Where I grew up there are a lot of native people and the traditions that they have are fascinating to me. I love the idea of a strong oral culture in that history cannot be erased if the elders teach the younger generations about their people and beliefs. If you look at history tribes have fought even when most of their ideas are the same. I liked the idea of two people being world’s apart, but so close in proximity. Two people who were never supposed to end up together overcoming the impossible and following their destiny despite the hardships. I also believe in the idea that things are not always what they seem, and we don’t know everything. We should question authority and find some things out for ourselves.

2.    What is your favorite part?

I really loved the scene when Iver takes Illayda to the mountain and shows her their private waterfall. I think you really see that they have come to like one another and are flirty and building a trust between them.

3.   How long did it take you to complete?

I always start a book and write until I get bored. I never just sit and write a book all the way through, I usually have about 5 or more started. I like to be excited to write about the characters so if I feel like I’m losing the plot I let it rest for a bit. When I get stuck on one, I go to another. This one took me about a year and a half. Then, there is about a 3-month period you have it in to the publishing company. So, I’m excited for the readers to finally see it and meet the characters.

4.    Will there be a sequel?

I’m considering writing a sequel about Zyon and Irae. I’m not sure if that will happen or not. I’m writing book 3 of the Keller’s right now. It’s Ty and Brynn’s story. I also have two other ones that I’m in deep on. There is nothing started for a sequel yet, but who knows… I’m not saying never.

 

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Interview with Mira

Winter 2018

1.      Where do you find inspiration for writing?

I personally find it everywhere. I’m not a big music person anymore. When I get quiet in my life, I enjoy it. However, I usually have it on when I’m driving and songs can make you think of a scenario or character.

Television or a photograph is also good. A scene might bring something alive in my mind. For example, I started The Diary of Dixie Pearl when I was watching the mini series Roots. All the horror’s that slaves went through, I thought, perhaps a man of privilege fell in love with one of these strong black women… but his family was against it… If something speaks to me enough, I open a blank document and start to create the character as I saw them in my head.

The only thing is, usually I get inspired a lot, so I have about 15 or more books started. I go back and restart them at random. If I’m in the mood for a historical, I’ll open one I started. If I’m in the mood for something with a modern aspect, I’ll look back on ones I started usually, before looking for inspiration on something new.

I like a few themes in a book, but I always write some variation of romance with a happy ending.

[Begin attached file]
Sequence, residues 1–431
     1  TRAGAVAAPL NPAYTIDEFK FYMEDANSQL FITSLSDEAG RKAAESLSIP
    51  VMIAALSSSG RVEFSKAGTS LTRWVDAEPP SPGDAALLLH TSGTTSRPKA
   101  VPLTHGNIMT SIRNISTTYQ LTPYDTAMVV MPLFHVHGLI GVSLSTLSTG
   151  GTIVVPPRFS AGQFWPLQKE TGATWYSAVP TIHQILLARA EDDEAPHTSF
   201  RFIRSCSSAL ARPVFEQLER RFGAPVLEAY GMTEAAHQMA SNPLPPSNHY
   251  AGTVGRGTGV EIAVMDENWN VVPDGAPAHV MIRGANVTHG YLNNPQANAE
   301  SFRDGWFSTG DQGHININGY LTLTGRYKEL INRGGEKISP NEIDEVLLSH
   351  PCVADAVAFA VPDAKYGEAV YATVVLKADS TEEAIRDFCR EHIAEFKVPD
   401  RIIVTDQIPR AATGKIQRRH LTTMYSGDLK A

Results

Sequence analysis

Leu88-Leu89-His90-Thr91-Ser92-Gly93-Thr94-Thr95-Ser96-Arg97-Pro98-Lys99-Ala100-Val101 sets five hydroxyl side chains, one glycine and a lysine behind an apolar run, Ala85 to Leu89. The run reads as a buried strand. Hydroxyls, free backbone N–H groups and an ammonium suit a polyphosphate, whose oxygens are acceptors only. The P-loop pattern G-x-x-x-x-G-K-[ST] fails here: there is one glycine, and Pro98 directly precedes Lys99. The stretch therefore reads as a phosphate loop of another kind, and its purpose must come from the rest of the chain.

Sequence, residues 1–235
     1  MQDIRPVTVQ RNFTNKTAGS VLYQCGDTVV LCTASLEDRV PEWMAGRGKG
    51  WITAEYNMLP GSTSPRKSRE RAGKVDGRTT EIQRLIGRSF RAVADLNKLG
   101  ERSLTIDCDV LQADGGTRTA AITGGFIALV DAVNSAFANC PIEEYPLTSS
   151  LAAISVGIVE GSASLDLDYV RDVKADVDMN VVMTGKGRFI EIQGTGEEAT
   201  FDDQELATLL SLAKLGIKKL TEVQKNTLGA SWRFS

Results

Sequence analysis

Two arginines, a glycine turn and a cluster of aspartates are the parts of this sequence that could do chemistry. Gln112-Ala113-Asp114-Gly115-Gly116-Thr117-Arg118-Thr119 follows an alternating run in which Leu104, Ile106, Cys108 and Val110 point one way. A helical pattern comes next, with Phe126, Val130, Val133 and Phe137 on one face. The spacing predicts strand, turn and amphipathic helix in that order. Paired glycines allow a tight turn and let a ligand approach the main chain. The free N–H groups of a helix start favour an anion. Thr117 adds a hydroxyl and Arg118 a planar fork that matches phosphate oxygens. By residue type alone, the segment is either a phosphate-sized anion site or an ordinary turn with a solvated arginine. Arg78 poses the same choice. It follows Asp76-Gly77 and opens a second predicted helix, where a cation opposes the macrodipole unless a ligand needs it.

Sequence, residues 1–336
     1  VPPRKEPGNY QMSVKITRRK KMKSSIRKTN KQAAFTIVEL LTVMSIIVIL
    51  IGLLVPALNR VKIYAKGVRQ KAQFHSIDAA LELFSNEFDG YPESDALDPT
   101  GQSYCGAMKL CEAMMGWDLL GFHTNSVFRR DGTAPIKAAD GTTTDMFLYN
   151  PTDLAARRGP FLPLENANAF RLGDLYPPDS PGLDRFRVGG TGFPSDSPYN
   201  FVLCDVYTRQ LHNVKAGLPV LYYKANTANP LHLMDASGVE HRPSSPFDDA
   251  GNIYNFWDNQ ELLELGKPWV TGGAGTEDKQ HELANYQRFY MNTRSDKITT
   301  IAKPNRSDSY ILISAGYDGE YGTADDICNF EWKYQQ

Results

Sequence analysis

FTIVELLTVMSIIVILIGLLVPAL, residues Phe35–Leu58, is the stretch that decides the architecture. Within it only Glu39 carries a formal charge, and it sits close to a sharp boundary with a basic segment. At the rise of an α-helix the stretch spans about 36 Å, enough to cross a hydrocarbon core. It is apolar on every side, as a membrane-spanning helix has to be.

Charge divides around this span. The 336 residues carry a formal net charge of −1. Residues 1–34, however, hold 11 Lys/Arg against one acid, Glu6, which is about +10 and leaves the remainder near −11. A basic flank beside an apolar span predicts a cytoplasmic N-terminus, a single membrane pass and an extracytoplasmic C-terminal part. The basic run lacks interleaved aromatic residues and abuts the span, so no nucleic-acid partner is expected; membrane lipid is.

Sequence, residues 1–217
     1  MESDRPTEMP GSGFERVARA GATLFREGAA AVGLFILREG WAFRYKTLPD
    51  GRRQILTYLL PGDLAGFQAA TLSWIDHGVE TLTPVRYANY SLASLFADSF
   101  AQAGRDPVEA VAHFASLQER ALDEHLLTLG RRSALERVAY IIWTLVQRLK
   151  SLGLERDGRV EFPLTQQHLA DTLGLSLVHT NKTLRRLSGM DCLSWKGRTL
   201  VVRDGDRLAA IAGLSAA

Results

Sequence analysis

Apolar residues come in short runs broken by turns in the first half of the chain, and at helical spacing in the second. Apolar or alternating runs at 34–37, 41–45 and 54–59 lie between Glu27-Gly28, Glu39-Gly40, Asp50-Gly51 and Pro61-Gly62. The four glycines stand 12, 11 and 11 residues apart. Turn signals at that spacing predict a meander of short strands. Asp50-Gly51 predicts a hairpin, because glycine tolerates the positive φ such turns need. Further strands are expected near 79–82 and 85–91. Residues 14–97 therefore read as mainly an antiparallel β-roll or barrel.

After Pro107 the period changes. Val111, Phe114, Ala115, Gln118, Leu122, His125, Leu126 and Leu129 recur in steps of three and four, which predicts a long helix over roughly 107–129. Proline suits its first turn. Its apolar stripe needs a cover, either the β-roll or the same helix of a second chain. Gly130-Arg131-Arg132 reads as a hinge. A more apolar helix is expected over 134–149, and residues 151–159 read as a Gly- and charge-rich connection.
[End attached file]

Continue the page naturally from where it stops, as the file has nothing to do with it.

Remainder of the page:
2.      What is your favorite novel?

Hands down Paradise by Judith McNaught! I have the full paper book collection of her novels that I drove all over the state of Florida combing Barnes & Nobel bookstores for. I love her. I also have fallen in love with Outlander. I have all the books on my kindle and am currently getting ready to start book 5 Drums of Autumn. Jamie, is my ideal fantasy man. Which is funny, because I never liked a man in a kilt before him. Ha!

 

3.      If you could travel to any time, what period would you like to explore?

I’m definitely what they call an old soul. I look at what makes headlines today, and can’t really relate to most of it. I’d like to go back to about the 18th or 19th century, when life was simpler. This technological advanced world seems too chaotic to me. I’d love to not have to work outside the home, or have my kids need to make play dates with their friends. People don’t value family as much today either, it seems we keep selling our souls for material things that don’t matter. I know that time wasn’t really easy for women, but I don’t think we have it easy today either. It’s just a different kind of hard.

I love English and Scottish history, so I’d like to go through the stones like Claire Beauchamp, only I’d probably take my husband. He’s pretty handy.

 

4.      Do you have any other hobbies?

Yes. I love to cook. I love making homemade, fun, healthy or comfort food meals for my family and friends. I try to cook at least one meal every day that doesn’t come from a box or can. Pasta’s and pizza are my preferred dishes, but I make homemade perogies, stew and soups too. I hate to bake though. Sweet’s are fortunately not my vice. They are my children’s, thanks to my mother and grandmother, but I’d rather make a meal.

When I’m not writing or in the kitchen I love to paint. I host paint night’s in our community to bring in extra funding for our community center. I love creating something from nothing.  

 

5.      How much research do you typically do for a novel?

I find it depends on the novel. I like some facts to be hidden in the fiction. I’m not a stickler on historical facts being completely adhered too in the novel, but I think sometimes it’s cool to add some realness for those who know a bit about certain topics. For example: I recently finished a time travel manuscript and I researched some of the work by some physicists. Both old and new. I also learned that sea glass has been called mermaid tears and is created in folklore when a person dies at sea.

In The Diary of Dixie Pearl, I did know that white’s could not legally marry a person of color in West Virginia during that time, but it made the story more interesting to me. One review said it didn’t like that I strayed from the fact, but I did a bit of research on it. I made the choice to add more fiction than fact on that one. I’d do it again too. I loved Dixie and Ryland, and Callie and Mike.